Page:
Without some particular preferred man-made orbit, particles are typically trapped in the center of the light beam in circularly polarized Gaussian beam. The SAM of the absorbed photons is transferred to the particles, resulting in spinning of the particles. To have the orbital rotation, we need to build an orbital for the particle. Compared to the previous methods that formed an orbit, such as schemes with nanofabrication or a laser beam with a particular phase structure, the method we proposed here is much simpler by applying a circularly polarized femtosecond Gaussian laser beam. Previous results have shown that a pair of point-like potential wells could be formed for nonlinear particles when the linearly-polarized femtosecond laser power exceeds a transition power35,36,37. By rotating the linear polarization of the laser, such potential-well pair could be rotated accordingly, thus resulting in subsequent circular movement of the trapped particle within the well. Therefore, it is intuitive to imagine that by using a circularly polarized beam, one could build an intrinsic ring-shape potential well, and the particle may be confined within while orbiting around the beam axis. In our experiment, the GNPs were irradiated with circularly polarized laser in the continuous-wave (CW) mode first. And there was only one trapping position located at the optical axis, as shown in the upper panel of Fig. 1b. When the laser was switched to femtosecond-pulse mode, a bright circle was observed around the beam center, as shown in lower panel of Fig. 1b. Thus, GNPs are indeed trapped in such a ring-shape potential well, as intuitively anticipated.

With a fast-speed camera, it was resolved that the bright circle was formed by the photoluminescence of the rapid rotating GNP around the beam axis in the experiment (the measured spectrum of the particle luminescence shown in Supplementary Note 1). The particle might rotate clockwise or counterclockwise, depending on the spin state of the incident light. Figure 1c and d showcase the typical results when a single GNP was trapped by a circularly polarized femtosecond laser with the right (also in Supplementary Movie 1) and left (also in Supplementary Movie 2) handedness, respectively. The bright area shows the position of the trapped GNP. The dashed green circle indicates the trajectory of the particle’s motion (i.e., the position of bright light circles mentioned above), and the arrow indicates the orbiting direction. The red arrow indicates the handedness of circular polarization. At the same power, the orbiting speed was identical for two kinds of handedness. The motion of the particle takes a three-dimensional (3D) trajectory in fact, though the motion distance along z-axis is short. With a side-view imaging system, the 3D trajectory was observed (in Supplementary Movie 3 and Supplementary Note 1). Along the z-axis, the scattering force shifts the equilibrium point from the beam center, and we estimated displacement shift about 1.3 micrometers. The 2-dimensional (2D) projection of the particle trajectory on the xy-plane during a few frames is shown in Fig. 1e as a typical example. We can obtain the orbital radius by fitting the projection data, and the orbital radius in Fig. 1e is about 491 nm (at mean trapping laser power of 630 mW). Using a PMT, we measured the orbital rotation frequency of the particle, as shown in Fig. 1f and g. The intensity of the scattering light from the rotation particle is measured by the PMT as shown in Fig. 1f. With the Fourier transformation, we can obtain the rotation frequency (248 Hz, laser power 630 mW) as shown in Fig. 1g. All the experimental data shown in Fig. 1 is measured by an objective with numerical aperture (NA) of 0.65 (Olympus LCPLN50XIR, 50X, NA = 0.65), and the laser power is the average power after the objective. It’s noted that multiple particles trapped simultaneously on the orbital have been also observed when high particle concentration was used (in Supplementary Movie 4), but we mainly focus on the single particle trapping and rotation in this work.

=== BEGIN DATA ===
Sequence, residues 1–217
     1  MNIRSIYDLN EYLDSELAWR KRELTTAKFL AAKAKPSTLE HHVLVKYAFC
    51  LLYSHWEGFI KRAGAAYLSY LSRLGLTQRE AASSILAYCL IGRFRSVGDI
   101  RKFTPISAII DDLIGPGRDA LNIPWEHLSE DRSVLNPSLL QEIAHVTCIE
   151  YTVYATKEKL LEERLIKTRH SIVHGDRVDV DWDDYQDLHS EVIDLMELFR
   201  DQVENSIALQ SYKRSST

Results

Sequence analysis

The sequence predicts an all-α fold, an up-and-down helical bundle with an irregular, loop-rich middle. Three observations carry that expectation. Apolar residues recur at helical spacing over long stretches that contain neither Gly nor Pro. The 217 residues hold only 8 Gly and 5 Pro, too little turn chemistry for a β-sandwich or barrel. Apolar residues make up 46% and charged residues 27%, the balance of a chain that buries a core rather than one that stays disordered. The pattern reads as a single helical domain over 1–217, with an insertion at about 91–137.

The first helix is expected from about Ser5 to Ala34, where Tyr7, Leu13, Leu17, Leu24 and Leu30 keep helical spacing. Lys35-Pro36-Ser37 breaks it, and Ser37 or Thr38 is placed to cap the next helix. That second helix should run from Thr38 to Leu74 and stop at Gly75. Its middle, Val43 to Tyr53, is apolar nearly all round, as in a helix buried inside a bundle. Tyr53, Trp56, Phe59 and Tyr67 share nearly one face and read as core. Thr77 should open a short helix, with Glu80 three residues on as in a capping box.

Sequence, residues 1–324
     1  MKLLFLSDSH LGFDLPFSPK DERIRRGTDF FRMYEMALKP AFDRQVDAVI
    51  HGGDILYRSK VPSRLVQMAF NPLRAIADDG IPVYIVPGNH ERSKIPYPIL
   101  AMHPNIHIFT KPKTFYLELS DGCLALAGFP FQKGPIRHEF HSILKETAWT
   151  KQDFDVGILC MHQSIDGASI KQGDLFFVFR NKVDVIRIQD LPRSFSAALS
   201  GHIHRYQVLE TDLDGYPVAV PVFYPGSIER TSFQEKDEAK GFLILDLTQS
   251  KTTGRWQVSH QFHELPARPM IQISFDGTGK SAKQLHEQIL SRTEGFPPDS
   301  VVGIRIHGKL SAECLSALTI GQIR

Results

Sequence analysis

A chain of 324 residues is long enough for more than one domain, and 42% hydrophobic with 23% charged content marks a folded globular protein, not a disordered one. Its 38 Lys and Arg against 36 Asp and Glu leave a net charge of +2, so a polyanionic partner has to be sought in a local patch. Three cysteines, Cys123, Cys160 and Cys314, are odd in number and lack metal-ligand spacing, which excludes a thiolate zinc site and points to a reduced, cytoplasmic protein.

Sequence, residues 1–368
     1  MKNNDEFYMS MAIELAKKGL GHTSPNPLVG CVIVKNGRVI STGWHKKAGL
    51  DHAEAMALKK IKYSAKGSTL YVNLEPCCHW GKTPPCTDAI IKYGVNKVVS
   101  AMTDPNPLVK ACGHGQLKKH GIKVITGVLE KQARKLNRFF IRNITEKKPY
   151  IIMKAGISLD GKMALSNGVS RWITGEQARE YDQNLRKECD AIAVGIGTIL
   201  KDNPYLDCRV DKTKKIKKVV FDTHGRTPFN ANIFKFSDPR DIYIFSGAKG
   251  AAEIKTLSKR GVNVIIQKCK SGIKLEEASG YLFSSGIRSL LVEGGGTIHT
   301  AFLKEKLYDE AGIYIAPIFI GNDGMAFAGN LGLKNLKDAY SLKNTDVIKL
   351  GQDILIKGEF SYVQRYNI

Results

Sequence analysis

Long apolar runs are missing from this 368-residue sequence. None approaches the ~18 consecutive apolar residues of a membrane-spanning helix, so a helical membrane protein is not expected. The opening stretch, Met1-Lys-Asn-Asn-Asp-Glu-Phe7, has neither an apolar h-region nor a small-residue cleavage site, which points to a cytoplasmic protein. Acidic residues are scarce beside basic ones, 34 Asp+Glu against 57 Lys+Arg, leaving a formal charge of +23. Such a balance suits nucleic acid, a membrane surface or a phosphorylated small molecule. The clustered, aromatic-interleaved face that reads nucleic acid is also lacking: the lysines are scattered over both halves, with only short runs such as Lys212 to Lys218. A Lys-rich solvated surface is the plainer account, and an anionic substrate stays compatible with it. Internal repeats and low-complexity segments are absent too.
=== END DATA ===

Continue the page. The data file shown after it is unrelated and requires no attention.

The orbital radius and the orbital rotation speed of the GNPs are found to be dependent on the mean power of the femtosecond laser and NA of objective lens, as shown in Fig. 2a and b. Both the orbital radius and the speed increase as the laser power increasing. The influence of the NA value of objective lens on the rotation radius and the speed are also shown in Fig. 2a and b. When using an objective with NA = 1.40 (Olympus UPLSAPO100XO, 100X, NA = 1.40), the smallest orbital radius we achieved is about 71 nm (mean laser power of 100 mW) which is far beyond the diffraction limit (shown in Fig. 2c), and the corresponding orbital rotation frequency (Fig. 2d) is 521 Hz which is a relatively high orbital rotation speed in aqueous solution. The size of orbit is far beyond the diffraction limit, and we have determined it with the super-resolution imaging method based on single molecular localization38. And the highest frequency in our experiments is about 1013 Hz (orbital radius 213 nm) with the laser mean laser power 285 mW (as shown in Fig. 2e and f) which is the record-high orbital rotation frequency in an aqueous solution, to our best knowledge.